September 17, 2008
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Invitation to The 50th Scandinavian Activity Contest
This is a reminder, and at the same time an invitation to participate in this year's jubilee edition of this popular event on the third (CW) and the fourth (SSB) weekends of September.. The activity is decent in relation to the number of licenced operators and clubs in the Nordic countries.
I use the term Nordic instead of Scandinavian because Scandinavia is historically and legally only Sweden, Norway and Denmark. Other countries and territories count for this contest: Iceland and Faroe Islands in the North Sea, Svalbard and Jan Mayen almost in the Arctic and Greenland which, as a amatter of fact, is in North America. And of course Finland, frequently winning the contest, sharing with Russia the land that joins the peninsula with the continent.
All this information seems needless but my experience shows that even Amateur Radio operators do need freshen up some geographical facts.
There are usually more Swedish stations on the air during the SAC but Finns make higher scores. Norway and Denmark is always far behind - the spirit of contesting has never become widespread in these countries. Other areas are rarely activated in the SAC event. With one exception - the Aland Islands. The population of the archipelago is roughly 27,000 but there are usually a few OH0's on the air during the SAC weekends. Regrettably these are not local operators but visitors from, most often, the neighboring countries.
Talking about the weekends, the official rules of the SAC mention "full weekend". A full weekend is both Saturday and Sunday. This contest lasts only 24 hours and if you are in UTC-12 Time Zone, it will be a Saturday contest for you. If you are in the UTC+12 Time Zone, you will have all Saturday available for other things.
Considering the propagation, chances of working Northern Europe from any +12 or -12 Time Zones are limited. You might have to spend only a couple of hours but get a decent rate. There are tens of Big Guns in Finland, several potent stations in Sweden and a few strong ones in Iceland, Denmark and Norway.
The 160-meter band is not used in this contest which is a pity considering recent record breaking scores on this band in major contests. Most likely the exclusion of the Top Band originates from the early years when this band was not available for Amateur Radio Service in this region.
The 40-meter band is restricted in the official rules to below 7090 kHz. Many Region I countries, including Finland and Norway, allow the use of frequencies above 7100 kHz but not all. The penalty for using frequencies above 7090 kHz is not defined in the rules, the frequencies above 7100 kHz are not mentioned at all.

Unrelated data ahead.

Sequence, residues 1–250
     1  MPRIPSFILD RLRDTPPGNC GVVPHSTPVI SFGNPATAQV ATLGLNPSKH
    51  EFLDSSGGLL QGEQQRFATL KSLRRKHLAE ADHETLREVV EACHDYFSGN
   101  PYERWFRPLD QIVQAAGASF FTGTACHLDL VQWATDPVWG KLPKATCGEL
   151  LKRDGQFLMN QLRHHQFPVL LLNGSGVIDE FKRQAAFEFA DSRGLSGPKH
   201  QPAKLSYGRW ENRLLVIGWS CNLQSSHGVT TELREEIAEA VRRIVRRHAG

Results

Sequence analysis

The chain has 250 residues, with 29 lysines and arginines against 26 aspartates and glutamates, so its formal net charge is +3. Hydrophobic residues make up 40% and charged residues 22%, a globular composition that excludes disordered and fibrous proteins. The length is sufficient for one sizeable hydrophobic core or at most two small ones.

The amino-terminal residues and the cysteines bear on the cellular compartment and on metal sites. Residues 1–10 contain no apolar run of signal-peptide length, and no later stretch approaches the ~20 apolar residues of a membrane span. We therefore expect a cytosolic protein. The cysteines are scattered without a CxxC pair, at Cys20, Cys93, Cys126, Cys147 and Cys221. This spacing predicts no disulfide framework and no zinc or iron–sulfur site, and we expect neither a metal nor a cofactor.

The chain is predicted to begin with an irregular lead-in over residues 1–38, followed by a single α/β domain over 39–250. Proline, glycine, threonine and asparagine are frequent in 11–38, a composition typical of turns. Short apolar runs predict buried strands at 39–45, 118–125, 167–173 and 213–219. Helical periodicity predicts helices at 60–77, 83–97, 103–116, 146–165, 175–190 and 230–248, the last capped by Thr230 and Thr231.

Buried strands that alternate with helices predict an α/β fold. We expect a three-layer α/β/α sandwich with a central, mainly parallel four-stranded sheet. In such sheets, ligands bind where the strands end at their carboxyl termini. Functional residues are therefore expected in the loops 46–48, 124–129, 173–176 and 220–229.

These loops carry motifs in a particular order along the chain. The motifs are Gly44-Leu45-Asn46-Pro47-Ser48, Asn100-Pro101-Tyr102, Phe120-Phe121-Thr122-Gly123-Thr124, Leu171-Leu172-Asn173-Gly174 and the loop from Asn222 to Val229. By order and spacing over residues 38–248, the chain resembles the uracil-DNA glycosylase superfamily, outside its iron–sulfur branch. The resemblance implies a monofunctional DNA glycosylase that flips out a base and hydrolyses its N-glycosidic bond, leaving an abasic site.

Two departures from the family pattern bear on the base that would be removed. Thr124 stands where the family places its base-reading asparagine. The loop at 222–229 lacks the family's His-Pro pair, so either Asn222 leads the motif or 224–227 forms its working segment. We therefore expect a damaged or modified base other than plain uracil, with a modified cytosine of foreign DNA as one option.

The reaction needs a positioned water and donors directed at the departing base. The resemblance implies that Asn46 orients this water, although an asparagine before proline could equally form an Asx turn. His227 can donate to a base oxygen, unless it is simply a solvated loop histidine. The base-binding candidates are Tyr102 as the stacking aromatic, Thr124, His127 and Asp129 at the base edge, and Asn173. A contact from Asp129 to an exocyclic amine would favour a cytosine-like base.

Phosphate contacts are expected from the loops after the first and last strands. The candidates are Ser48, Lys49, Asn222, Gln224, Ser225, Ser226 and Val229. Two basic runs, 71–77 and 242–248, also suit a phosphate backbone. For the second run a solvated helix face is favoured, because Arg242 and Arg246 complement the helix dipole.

Nordic stations can choose a single band or all bands for this contest. However, non-Nordic stations can only participate in the All-Bands category. Countries close by and very far away have little chance for a high score compared to those at a medium distance allowing for daytime propagataion on HF bands and nighttime skip on low bands.
Multipliers are quite a mystery to me. Apart from the territories mentioned at the beginning, the islands between Sweden and Finland called Aland (Åland) is counted twice in the multiplier list. The half-Swedish half-Alandish islet called Market (Märket) counts as a separate multiplier. To be exact, only the eastern part of the island counts as a multiplier. The information in the official rules is incorrect stating that the official prefix of Market is OJ0. The official prefix in Market Reef is OH0. The OJ0 prefix is optional and can be issued for a fee. The island is not restricted in any way and the eastern part of it belongs to Aland province of Finland.
One more item about the official rules. There is a deadline for submitting the logs but nowehere to find is the deadline for announcing the results. It happens too often that the results of the SAC are still unveiled one year after the event. I am sure, however, that this edition of the contest will be summarized promptly by the Swedish team.
This contest is a joint effort of the national organizations of Denmark, Finland, Norway and Sweden. It seems difficult to coordinate the opinions and suggestions of those interested in contesting and those responsible for HF contests. Maybe too many cooks spoil the soup...
I often take pictures and always try to use them in the stories or articles I write. I hope these two fellows will be active in the CW-part of the contest as they are both high-speed telegraphy fanatics.
This is Hans, SM0BYD at the controls of SK0MT, the club station in a suburb of Stockholm.
Ingemar, SM0AIG caught in action at the Science Museum club station SK0TM in Stockholm.
The links to more information about the SAC are http://www.sk3bg.se/contest and http://www.qrq.se
by SM0JHF on September 19, 2008
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As usual, writing stories in the middle of the night results in some confusion. The time zones should be reversed - Saturday only in the +12 Zone and Sunday only in the -12 Zone. At least no one has to sacrifize Friday or Monday as in 48 hour contests.